The long-running and at times bitter standoff between New Zealand Rugby and the country's leading players over a multi-million dollar private equity deal has significantly evolved in the quest for a resolution.
The Herald on Sunday can today reveal dramatic developments in the Silver Lake saga — including a newly-tabled offer for a lower stake in the national game at a high valuation, and a list of player demands that could change the way the national body operates.
This comes four months after an ugly public spat between NZR and the New Zealand Rugby Players' Association, with NZR chief executive Mark Robinson saying at the time the relationship between the organisations was "at a new low".
Despite New Zealand's 26 provincial unions unanimously approving the deal at NZR's annual general meeting in April, the NZRPA, through collective bargaining negotiations, have since refused to sign off the agreement.
Several failed attempts at mediation over the US technology investment giant's bid of $387.5 million for a 12.5 per cent sale of NZ Rugby's commercial rights has been followed by weeks of silence.
While all parties are keen to keep the latest developments behind closed doors, the Herald on Sunday can reveal Silver Lake have reduced their potential equity stake from 12.5 to 7.5 per cent and significantly improved their original valuation of NZ Rugby's commercial rights in a bid to break the impasse.
When the Herald first revealed the full details of the deal in February, Silver Lake had offered $465m for a 15 per cent stake at a $3.1 billion valuation.
The deal presented at NZ Rugby's annual meeting was revised to a 12.5 per cent stake for $387.5m.
The Herald on Sunday understands Silver Lake's improved valuation for a 7.5 per cent stake was tabled after the Players' Association officially outlined its intent to not support the 12.5 per cent sale proposal three weeks ago, sparking rumours the deal was dead.
While extracting a higher valuation for a lower sale stake lessens the risks and retains more revenue, reducing the capital injection has the potential to leave the New Zealand game exposed in a fraught Covid-affected climate.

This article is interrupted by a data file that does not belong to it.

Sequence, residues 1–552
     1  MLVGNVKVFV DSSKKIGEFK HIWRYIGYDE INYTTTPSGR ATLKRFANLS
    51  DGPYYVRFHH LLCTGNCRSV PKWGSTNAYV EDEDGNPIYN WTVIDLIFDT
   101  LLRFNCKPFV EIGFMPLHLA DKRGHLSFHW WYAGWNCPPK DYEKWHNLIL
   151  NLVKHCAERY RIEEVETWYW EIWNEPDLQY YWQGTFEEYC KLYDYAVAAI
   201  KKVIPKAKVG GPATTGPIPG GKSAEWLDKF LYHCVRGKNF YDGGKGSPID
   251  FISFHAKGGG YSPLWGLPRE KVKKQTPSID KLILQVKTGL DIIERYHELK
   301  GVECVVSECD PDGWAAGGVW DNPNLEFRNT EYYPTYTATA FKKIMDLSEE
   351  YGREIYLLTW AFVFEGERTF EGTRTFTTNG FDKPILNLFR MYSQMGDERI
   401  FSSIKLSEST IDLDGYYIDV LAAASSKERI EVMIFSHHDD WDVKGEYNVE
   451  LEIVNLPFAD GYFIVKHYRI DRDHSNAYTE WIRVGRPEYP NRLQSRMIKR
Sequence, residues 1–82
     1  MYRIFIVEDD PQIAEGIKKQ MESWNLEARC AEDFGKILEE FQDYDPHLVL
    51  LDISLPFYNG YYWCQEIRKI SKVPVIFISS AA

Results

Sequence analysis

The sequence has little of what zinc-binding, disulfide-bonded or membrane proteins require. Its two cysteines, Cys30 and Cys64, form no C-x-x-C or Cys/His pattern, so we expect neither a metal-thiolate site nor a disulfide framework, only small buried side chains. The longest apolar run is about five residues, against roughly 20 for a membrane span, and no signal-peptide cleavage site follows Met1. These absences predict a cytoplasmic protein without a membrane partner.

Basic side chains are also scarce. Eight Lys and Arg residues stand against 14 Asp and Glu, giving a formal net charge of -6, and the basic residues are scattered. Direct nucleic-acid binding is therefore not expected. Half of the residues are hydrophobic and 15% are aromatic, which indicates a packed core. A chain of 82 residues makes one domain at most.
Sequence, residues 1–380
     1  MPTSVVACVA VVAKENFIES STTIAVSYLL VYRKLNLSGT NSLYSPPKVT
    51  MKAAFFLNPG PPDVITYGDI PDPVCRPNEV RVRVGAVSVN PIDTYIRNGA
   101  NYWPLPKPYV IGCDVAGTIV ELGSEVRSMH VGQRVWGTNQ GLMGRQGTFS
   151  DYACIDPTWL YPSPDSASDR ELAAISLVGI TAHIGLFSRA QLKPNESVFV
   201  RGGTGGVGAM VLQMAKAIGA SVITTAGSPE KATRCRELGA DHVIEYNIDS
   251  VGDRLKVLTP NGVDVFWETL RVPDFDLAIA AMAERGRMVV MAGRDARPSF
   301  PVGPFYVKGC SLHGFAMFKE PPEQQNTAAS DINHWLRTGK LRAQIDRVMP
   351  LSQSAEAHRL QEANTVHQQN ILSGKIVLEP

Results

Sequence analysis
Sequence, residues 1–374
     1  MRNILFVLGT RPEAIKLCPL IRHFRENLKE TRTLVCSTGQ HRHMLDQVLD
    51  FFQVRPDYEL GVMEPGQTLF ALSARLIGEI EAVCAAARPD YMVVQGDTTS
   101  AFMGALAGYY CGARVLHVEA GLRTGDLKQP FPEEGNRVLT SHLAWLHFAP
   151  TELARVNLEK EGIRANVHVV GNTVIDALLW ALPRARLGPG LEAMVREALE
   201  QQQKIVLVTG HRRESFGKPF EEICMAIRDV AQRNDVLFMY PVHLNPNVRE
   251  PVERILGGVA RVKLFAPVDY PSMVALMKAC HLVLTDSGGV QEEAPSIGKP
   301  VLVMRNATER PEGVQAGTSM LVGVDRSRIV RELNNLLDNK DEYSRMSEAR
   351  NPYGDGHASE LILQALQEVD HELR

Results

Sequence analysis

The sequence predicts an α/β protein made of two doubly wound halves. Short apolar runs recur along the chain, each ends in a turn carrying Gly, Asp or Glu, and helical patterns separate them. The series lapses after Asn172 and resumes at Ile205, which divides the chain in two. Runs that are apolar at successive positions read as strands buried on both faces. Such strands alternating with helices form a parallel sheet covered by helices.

Progress is not a notion associated with the Silver Lake deal after high-ranking NZ Rugby executives and the Players' Association traded public verbal blows over the best path to safeguard the sport by boosting revenue. Negotiations in recent times, though, are edging forward in a more constructive manner with a willingness to compromise evident from both sides.
Tradeoffs can be seen in NZ Rugby and Silver Lake reducing the sale stake and the Players' Association's position shifting from wanting no part in foreign capital to acknowledging the value it can bring.
After receiving Silver Lake's improved offer, however, the Players' Association is understood to have responded with a set of conditions to ensure what they believe is a "genuine partnership".
Those conditions include the request for an independent NZ Rugby governance review that assesses the constitution, striking at the heart of the provincial union's control, and whether the existing structure is fit for purpose.
This request comes after attacks on the players by former NZ Rugby chairman Brent Impey, the breakdown of the relationship with Australia and with a view to being fully equipped to work alongside heavyweight global businesses.
This is not believed to be a major sticking point.
NZ Rugby has undergone three governance reviews in the past decade. Changes to the board structure, roles and responsibilities were certain should the Silver Lake deal progress through the creation of a new subsidiary company, dubbed CommercialCo, which will be charged with maximising commercial rights.
Any wide-ranging governance critique may include a review of the Players' Association governance structures.
The Players' Association board includes former World Cup-winning captain David Kirk, injured All Blacks captain Sam Cane, centurions Sam Whitelock and Aaron Smith, Dane Coles and Black Ferns skipper Sarah Hirini, all of whom have been heavily involved in regular meetings on the Silver Lake proposal.
Former All Blacks captains Richie McCaw and Kieran Read, and test veteran Conrad Smith, among other influential retired players, have also featured prominently in consultation process.
Other stipulations put forward by the Players' Association are based around ensuring the total amount of revenue-generating assets sold is at a level that does not compromise NZR's commercial model in the future, and includes performance components.
One source told the Herald on Sunday the Forsyth Barr proposal — selling a five per cent stake in NZR's revenue-generating assets through an NZX-listed entity, previously presented as one alternative by the Players' Association — was a "dead duck".
Yet the list of conditions from the Players' Association still includes the key principle to provide the opportunity for New Zealanders to invest in NZ Rugby, alongside any potential agreement with Silver Lake.
While ongoing negotiations between the three parties are said to be in a "good place" and progress has been made, a Players' Association source told the Herald on Sunday there were no guarantees a deal would be done, describing it as a 50/50 proposition. An NZR source said compromise could only stretch so far and that the deal would not proceed at any price or cost.
If an agreement can be reached, it is understood Silver Lake's revised valuation and offer for a 7.5 per cent stake will require the provincial unions to vote again on the proposal at a special general meeting.